Yes‚ĶLOSE the Blackberry‚Ķmeaning the technology as it exists today is no longer available to use.  The other kind of loss, which probably jumped into you mind when the heading caught your eye, is what truly scares me when I see how people use them.  One famous poster child of the risks involved with using Blackberries for work purposes is the story of the Blackberry purchased on eBay that contained massive amounts of Morgan Stanley information; some of it confidential information.  If you haven‚Äôt seen this story yet, check it out at,1367,60052,00.html.

Folks, these tiny amazing gadgets CAN do many wonderful things and allow for virtually non-stop connection with our business (ewww‚Ķis this what we really need, a 7x24x7 business in our pocket?).  However, a Blackberry can seem like electronic heaven on Earth for those gadget-loving workaholics.

Ok, enough with the glowing benefits of the Blackberry‚Ķtheir size and propensity to be lost or stolen is a huge risk to any information stored upon them.  I have performed many business partner security reviews to find that the business partner is storing their client‚Äôs data in clear text on these devices, but they see absolutely no risk in doing so‚Ķ‚Äùoh, we are careful with them!‚Äù  ANd, sadly enough, when pressed to encrypt the information on stored upon the mobile devices, most of the business partners steadfastly refuse to do so because of the inconvenience and little bit of extra cost if would be to THEM!  (Heck, it’s not their data…so why would they be so worried?)  If you outsource your data to any business partner who uses Blackberries, or any other mobile devices including laptops/notebooks, seriously consider having them contractually agree to never store any of your company data on these wonderful traveling liabilities.  Don‚Äôt just specify ‚Äúconfidential‚Äù information cannot be stored upon them; this is a subjective term, and your business partner‚Äôs definition of confidential may not be the same as your organization‚Äôs.  Besides, many types of information not considered confidential are still potentially embarrassing or capable of wreaking a public relations nightmare if discovered by the public.  This restriction may seem a little rigid, but I have worked with organizations and people long enough to know that if you place complete control of security in the end-users’ hands, such as asking each person to please remember to delete information from their blackberries, it often does not get done, or it gets done sporadically at best.   It is the easiest and most effective security to contractually require them not to store any of your company information on them at all.  True, this won’t prevent them from breaking your contract and storing data on the mobile devices anyway, but at least it gives you much more solid legal grounds to take action if they do.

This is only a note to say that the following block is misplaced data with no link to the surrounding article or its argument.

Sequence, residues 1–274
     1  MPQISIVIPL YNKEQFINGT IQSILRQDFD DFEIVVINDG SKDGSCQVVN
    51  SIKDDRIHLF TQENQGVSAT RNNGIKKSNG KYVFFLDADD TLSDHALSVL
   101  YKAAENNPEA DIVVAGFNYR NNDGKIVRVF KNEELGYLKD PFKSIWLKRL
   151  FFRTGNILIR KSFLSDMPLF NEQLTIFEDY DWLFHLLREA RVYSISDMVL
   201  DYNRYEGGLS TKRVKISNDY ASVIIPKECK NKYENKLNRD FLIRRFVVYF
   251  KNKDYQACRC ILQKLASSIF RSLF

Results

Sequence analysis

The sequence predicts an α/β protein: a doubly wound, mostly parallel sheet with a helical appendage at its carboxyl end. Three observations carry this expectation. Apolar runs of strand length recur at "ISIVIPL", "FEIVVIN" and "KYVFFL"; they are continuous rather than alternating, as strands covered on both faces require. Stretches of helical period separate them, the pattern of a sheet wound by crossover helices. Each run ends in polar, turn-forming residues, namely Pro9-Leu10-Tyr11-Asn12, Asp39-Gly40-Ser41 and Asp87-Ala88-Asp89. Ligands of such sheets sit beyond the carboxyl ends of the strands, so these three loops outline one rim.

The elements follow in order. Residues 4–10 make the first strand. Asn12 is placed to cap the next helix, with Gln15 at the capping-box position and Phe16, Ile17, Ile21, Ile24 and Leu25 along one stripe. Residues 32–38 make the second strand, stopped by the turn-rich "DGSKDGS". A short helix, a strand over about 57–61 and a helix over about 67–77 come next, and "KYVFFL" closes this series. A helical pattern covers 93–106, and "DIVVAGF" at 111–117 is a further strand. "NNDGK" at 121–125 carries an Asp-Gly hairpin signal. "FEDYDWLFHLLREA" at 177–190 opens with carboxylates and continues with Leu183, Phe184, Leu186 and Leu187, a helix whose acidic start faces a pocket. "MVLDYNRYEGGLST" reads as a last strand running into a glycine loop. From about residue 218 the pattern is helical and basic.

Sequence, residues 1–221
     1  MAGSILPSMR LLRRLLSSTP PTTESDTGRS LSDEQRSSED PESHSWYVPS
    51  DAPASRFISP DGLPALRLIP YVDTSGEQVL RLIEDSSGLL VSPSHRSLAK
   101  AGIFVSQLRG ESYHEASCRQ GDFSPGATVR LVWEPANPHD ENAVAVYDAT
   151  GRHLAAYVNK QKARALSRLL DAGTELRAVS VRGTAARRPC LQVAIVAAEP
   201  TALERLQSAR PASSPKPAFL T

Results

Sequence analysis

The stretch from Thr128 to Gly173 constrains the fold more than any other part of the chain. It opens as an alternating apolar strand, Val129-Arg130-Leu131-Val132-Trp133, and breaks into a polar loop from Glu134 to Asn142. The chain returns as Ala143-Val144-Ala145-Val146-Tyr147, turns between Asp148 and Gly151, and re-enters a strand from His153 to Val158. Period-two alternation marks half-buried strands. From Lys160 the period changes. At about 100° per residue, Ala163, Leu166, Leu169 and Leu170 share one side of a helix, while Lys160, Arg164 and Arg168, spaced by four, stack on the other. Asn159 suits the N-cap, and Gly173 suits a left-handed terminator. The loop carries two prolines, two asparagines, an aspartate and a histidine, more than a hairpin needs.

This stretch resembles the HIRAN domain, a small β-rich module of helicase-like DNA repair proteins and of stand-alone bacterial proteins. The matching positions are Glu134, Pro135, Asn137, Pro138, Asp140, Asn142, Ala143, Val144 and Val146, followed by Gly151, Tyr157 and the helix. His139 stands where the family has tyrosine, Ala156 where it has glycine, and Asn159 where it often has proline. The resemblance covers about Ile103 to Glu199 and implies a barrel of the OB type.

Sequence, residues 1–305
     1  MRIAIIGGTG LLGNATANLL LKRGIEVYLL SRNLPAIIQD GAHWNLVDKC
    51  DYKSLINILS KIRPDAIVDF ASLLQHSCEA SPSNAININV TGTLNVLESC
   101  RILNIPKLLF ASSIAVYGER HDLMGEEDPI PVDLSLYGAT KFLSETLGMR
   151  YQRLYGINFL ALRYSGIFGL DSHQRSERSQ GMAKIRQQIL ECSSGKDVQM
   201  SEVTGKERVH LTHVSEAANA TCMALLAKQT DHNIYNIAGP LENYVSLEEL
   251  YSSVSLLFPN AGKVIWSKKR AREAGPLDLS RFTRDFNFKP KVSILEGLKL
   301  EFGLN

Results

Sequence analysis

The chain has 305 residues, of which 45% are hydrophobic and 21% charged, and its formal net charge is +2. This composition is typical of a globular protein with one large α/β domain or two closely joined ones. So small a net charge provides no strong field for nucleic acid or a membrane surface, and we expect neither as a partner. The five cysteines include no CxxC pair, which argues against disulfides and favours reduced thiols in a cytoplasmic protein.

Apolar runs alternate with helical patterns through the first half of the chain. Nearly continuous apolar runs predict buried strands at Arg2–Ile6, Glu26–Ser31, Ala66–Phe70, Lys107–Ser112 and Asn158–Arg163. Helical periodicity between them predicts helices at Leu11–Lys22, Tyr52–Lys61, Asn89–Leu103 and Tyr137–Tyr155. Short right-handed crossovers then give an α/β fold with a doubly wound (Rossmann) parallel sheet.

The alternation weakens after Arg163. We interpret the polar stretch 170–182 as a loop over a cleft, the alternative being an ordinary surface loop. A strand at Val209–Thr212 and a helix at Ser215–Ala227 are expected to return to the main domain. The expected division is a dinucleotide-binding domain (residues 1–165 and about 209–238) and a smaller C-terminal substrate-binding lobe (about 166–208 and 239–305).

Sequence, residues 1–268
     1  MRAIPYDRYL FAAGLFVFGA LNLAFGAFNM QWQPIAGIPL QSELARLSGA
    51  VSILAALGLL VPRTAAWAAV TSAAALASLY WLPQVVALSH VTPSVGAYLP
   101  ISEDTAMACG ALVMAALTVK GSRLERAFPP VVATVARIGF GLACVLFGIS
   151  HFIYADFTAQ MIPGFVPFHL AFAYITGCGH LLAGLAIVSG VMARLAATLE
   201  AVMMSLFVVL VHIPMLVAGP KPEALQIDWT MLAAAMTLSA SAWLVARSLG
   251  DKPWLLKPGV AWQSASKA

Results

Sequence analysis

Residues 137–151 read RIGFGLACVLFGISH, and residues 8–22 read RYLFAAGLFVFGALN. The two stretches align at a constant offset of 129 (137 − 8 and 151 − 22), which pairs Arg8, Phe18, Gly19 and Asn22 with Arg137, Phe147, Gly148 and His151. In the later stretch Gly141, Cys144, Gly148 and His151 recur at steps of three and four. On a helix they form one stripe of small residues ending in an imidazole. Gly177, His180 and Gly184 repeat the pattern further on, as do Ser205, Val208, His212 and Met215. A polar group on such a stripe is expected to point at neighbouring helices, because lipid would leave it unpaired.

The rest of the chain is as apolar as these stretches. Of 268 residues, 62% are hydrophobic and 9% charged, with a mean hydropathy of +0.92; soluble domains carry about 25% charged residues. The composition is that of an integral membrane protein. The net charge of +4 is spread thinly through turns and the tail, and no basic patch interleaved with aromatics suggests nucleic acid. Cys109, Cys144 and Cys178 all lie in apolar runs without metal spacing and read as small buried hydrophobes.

Oh, and I haven’t even gotten to addressing how companies control the use of mobile devices by their own employees…that is a good discussion for another day.

So…maybe if they don’t make Blackberries any more…if the owners lose them in this way…perhaps our data will be more secure…at least in some aspects…